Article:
No Media House requires license to operate – MFWA tells NCA

Executive Director of the Media Foundation for West Africa; Sulemana Braimah

The Executive Director for Media Foundation for West Africa (MFWA), Sulemana Braimah has questioned the National Communication Authority’s (NCA) decision to shut down some 49 Television Stations in the country.

He argued in a Facebook Post that no media house requires a license to operate in Ghana.

“For the avoidance of doubt, the Supreme Law of the land, (the 1992 Constitution) says under Article 162 (3) “There shall be no impediments to the establishment of private press or media; and in particular, there shall be no law requiring any person to obtain a license as a prerequisite to the establishment or operation of a newspaper, journal or other media for mass communication or information.”

“So it is wrong to suggest that media organizations, broadcast or otherwise, require LICENSES to operate.

The National Communications Authority (NCA) has embarked on an exercise to shut down 49 Television (TV) stations for operating without Authorizations.

This forms part of a continuous monitoring exercise conducted on various Satellite Free-to-Air Television platforms using the Broadcast Monitoring System (BMS) and the Radio Spectrum Monitoring System (RSMS).

The monitoring revealed that some channels were operating without valid Authorizations, contrary to Section 2(4) of the Electronic Communications Act 775 of 2008, which states that, ‘Except as provided by this Act or any other law not inconsistent with this Act, a person shall not operate a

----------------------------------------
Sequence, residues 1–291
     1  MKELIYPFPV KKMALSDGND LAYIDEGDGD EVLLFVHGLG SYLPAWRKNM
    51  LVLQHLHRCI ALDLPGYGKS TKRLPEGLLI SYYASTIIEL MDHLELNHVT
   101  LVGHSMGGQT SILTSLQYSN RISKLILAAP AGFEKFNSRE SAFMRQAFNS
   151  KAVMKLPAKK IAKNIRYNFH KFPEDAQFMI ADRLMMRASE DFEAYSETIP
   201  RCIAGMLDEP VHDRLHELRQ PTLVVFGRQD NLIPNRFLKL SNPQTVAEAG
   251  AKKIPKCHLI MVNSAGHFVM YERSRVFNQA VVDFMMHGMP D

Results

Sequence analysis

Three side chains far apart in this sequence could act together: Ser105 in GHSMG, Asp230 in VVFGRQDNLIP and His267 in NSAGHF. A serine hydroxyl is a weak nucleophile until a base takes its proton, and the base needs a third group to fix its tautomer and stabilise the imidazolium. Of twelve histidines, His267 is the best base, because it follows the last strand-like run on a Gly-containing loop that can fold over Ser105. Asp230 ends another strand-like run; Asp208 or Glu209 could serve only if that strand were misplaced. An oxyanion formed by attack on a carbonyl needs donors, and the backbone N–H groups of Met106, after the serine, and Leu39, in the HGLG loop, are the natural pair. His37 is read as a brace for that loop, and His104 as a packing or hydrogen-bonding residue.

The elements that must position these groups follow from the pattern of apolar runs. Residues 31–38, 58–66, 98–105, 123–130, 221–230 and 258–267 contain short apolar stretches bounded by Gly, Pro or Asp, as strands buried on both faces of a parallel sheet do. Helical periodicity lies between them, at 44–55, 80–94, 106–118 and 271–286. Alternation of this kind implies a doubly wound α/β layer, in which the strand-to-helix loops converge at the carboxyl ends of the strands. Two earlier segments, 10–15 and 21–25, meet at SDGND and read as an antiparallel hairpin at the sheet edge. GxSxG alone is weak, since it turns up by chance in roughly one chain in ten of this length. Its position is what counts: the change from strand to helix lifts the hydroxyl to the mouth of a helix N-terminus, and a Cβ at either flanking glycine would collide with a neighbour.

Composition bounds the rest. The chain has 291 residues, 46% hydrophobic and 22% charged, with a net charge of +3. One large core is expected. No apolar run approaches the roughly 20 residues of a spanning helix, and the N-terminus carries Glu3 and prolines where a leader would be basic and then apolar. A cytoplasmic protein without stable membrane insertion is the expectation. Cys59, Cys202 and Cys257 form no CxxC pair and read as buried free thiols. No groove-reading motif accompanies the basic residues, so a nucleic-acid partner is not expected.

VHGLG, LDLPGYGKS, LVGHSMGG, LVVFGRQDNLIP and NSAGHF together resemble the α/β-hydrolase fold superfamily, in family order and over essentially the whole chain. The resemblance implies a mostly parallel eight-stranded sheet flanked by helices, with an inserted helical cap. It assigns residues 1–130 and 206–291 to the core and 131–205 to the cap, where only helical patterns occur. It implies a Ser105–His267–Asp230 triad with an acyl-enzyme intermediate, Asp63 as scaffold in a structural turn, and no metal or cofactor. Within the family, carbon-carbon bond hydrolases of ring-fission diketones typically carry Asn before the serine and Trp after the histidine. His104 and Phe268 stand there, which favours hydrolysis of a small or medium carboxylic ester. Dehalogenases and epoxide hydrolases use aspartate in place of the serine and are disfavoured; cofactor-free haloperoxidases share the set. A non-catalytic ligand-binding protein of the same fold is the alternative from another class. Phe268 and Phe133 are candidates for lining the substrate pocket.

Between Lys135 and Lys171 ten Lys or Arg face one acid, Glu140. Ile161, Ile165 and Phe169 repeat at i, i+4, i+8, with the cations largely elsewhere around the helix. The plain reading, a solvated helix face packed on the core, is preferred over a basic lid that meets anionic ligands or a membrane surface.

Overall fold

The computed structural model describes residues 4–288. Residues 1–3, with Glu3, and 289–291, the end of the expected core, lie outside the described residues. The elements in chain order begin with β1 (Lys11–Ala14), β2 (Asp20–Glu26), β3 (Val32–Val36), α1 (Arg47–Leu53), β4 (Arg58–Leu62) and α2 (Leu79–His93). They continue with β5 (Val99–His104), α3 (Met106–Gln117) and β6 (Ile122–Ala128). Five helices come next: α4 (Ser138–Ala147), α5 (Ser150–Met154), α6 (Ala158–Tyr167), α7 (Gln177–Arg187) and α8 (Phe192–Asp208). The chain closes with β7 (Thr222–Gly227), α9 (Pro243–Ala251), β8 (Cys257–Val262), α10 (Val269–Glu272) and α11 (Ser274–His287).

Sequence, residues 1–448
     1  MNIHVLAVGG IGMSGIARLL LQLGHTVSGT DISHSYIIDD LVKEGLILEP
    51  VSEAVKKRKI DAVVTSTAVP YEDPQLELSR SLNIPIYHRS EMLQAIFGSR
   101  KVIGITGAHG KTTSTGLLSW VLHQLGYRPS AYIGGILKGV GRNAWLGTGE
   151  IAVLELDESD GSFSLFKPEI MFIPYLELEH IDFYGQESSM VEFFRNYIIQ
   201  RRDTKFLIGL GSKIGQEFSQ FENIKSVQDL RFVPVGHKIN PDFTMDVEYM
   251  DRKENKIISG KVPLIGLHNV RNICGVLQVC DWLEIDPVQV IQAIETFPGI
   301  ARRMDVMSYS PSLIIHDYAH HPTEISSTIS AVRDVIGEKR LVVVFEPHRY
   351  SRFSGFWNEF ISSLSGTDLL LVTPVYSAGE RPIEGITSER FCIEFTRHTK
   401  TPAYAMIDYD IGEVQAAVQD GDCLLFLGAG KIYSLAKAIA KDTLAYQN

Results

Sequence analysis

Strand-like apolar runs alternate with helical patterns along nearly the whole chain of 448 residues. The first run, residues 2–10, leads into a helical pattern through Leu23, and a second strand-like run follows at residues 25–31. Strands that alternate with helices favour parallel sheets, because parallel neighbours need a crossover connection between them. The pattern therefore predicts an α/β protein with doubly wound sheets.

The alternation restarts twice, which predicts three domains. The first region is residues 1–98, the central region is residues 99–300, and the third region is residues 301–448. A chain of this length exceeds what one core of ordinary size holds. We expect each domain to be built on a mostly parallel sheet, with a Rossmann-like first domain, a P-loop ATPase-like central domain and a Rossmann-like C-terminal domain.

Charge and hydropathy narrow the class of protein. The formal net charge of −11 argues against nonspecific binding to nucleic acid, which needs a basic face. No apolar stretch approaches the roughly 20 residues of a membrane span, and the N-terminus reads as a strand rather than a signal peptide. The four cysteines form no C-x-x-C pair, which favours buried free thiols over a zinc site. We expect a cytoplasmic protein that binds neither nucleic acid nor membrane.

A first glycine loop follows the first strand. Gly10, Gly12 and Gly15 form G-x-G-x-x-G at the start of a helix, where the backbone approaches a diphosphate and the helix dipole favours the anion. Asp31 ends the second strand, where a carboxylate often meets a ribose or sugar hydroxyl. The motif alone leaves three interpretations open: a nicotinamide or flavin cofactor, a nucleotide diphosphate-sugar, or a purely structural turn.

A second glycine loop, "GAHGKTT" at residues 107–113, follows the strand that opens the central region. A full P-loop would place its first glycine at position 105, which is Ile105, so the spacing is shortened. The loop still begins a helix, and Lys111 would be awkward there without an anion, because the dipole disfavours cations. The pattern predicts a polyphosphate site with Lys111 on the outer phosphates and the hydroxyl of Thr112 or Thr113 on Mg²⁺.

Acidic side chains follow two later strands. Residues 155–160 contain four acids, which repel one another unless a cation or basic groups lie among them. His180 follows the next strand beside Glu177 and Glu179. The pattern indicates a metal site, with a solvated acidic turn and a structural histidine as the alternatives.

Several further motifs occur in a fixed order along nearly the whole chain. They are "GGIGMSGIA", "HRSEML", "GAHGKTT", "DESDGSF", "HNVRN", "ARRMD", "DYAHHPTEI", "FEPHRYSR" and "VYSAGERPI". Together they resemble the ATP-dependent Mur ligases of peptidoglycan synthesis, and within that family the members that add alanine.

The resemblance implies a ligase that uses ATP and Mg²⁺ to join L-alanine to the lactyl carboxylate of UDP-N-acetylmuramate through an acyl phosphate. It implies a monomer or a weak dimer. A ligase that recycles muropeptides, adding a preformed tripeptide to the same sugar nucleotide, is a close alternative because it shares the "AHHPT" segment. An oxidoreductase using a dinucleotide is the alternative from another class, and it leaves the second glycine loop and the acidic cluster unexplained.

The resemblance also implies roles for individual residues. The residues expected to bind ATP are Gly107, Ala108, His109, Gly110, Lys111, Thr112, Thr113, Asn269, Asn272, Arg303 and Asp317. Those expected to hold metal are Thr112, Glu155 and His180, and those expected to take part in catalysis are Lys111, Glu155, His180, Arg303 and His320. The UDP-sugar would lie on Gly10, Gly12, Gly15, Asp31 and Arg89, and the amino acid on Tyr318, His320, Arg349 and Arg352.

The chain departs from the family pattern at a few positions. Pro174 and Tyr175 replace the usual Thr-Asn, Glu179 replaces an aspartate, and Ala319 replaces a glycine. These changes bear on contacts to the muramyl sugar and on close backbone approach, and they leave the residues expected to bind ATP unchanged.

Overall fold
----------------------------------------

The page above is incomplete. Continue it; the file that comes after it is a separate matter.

broadcasting system or provide a broadcasting service without a frequency authorization by the Authority’.

As a result, forty-nine (49) channels have been identified to be operating without valid Authorizations from the Authority and are being shut down accordingly.

But Sulemana contends the NCA’s action is contentious.

“The TV stations that were shut down may have been transmitting or broadcasting without a Broadcast Frequency Authorization issued by the National Communication Authority (NCA), which will then make the broadcasting activity of the TV stations illegal.

“The two are not the same. Legacy broadcast media require broadcasting frequency and one must have prior frequency authorization by the NCA in order to legally broadcast using the frequency.

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